Elevating Board Performance: Insights and Opportunities

Boards play a critical role in guiding organizations towards success, but how often do they truly add value? Surprisingly, executive sentiment toward boards is less than stellar, with only 29% of executives rating their board as “good” or “excellent,” according to PWC research. Even more telling, other studies suggest that that 34% of board members feel their boards were either neutral or detrimental to their organizations’ value.

So how do you add value?

“The primary job of the board is to get the right CEO. Nothing works without that. With an underperforming or bad actor CEO, it’s really tricky to get anything done because you just don’t have the executive power. So when it comes to hiring a new CEO, take the time necessary. It’s incredibly important.”

Stuart Roden
  1. Selecting the Right CEO: Stuart Roden from Lansdowne Partners emphasizes the board’s essential role in choosing a competent CEO, as the organization’s success pivots on this crucial decision. The board performance in this will probably be the biggest indicator of success there is.
  2. Encouraging Open Dialogue: “We have groupthink year after year, decade after decade” – Baroness Helena Morrissey advocates creating a “safe space” for dissent and challenge, which is crucial for avoiding the pitfalls of groupthink.
  3. Broadening Diversity: “There are other forms of diversity than demographics.” – Alex Edmans, Professor of Finance at London Business School, suggests that diversity isn’t just demographic but includes varied backgrounds and experiences, enhancing the board’s overall effectiveness.
  4. Iterative Strategy Development: Roger Martin, recognized by Thinkers50 as the world’s #1 management thinker, advises on a collaborative approach to strategy formulation, engaging the board throughout the process.
  5. Focusing on Ethics: “If ethical questions are the reason a large portion of CEOs … are losing their jobs, then [the board] needs to do much more to investigate and evaluate their ethical stance.” – Baroness Dambisa Moyo, board member at Chevron and Conde Nast, highlights the importance of ethical considerations within board decisions, which can significantly impact the organization’s direction and integrity.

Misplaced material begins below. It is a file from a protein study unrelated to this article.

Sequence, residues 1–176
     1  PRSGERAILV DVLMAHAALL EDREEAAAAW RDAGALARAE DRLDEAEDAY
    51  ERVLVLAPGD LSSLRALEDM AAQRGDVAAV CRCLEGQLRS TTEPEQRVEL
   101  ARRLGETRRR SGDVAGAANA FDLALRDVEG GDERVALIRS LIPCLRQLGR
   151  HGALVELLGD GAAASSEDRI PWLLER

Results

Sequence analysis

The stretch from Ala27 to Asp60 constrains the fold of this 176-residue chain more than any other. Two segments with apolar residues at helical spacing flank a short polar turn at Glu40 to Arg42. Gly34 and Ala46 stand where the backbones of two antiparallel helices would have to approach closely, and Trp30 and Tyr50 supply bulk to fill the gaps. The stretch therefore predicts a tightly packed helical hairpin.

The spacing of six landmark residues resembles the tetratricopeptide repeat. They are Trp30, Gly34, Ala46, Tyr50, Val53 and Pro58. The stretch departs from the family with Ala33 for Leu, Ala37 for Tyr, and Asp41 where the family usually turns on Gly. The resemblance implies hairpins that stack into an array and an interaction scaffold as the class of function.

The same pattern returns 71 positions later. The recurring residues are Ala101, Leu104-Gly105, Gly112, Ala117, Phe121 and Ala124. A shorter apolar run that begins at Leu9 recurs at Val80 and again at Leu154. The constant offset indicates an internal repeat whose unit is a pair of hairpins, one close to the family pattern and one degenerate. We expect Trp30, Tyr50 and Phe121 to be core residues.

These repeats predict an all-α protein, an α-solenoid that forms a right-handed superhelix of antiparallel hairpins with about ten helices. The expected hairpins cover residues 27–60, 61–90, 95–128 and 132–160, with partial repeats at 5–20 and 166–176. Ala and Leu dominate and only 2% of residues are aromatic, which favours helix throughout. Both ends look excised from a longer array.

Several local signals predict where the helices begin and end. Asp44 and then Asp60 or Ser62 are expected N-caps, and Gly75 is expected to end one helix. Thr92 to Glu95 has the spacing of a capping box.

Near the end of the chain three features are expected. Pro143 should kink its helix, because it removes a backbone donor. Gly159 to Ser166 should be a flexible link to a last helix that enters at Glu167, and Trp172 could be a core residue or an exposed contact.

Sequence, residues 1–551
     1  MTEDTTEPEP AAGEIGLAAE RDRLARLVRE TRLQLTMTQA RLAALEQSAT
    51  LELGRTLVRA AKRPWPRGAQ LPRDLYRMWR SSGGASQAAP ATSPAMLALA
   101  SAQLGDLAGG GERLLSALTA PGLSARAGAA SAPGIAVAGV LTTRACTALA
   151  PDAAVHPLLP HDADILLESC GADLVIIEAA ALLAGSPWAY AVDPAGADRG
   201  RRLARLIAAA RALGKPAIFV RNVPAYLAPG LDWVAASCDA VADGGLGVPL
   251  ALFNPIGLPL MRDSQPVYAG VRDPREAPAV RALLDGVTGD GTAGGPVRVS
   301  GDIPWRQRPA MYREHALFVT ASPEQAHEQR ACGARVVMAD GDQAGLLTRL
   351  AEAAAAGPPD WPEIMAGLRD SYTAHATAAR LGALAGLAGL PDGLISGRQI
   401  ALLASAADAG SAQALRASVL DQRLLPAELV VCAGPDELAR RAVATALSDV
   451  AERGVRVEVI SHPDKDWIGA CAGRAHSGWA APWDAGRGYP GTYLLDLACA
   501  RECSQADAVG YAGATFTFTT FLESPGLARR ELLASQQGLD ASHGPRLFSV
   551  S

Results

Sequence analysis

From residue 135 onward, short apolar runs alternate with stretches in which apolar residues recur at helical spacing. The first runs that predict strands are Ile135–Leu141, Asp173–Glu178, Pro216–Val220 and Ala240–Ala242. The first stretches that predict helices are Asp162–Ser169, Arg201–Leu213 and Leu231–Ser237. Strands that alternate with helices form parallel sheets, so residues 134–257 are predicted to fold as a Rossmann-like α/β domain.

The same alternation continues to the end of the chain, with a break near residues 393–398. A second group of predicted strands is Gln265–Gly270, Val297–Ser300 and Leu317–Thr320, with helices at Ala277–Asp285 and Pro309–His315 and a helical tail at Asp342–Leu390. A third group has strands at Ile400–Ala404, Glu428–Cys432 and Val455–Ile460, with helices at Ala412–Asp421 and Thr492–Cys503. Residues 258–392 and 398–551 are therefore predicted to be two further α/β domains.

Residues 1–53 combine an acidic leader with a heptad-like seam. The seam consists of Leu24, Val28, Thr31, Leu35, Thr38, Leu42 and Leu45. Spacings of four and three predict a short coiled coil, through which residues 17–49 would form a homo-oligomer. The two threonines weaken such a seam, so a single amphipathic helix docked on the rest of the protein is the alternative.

6. Risk Management: Sir Richard Dearlove, former Mi6 Chief, points out the necessity of recognizing and managing both typical and exceptional risks that could threaten the organization’s survival.

“There’s an established framework of everyday risk,  largely what your risk register covers, which isn’t too problematic. But there is also life and death risk for companies, which is usually on the outside of the framework. So the important thing is for your senior leadership team to understand when they’re looking at something which is on the outside of the framework, not on the inside. And it’s about identifying where the edge of the known risk map is.”

  1. Comprehensive Reviews: Dr. Sabine Dembkowski from Better Boards insists on the importance of thorough and objective board evaluations to foster continuous improvement.

Special thanks to Oliver Cummings, CEO of Nurole, for his commitment to enhancing boardroom dynamics and for providing these valuable resources.

Together, let’s strive to enhance our boards, ensuring they not only deliver value but also drive our organizations toward unprecedented success.

Paul Bergman
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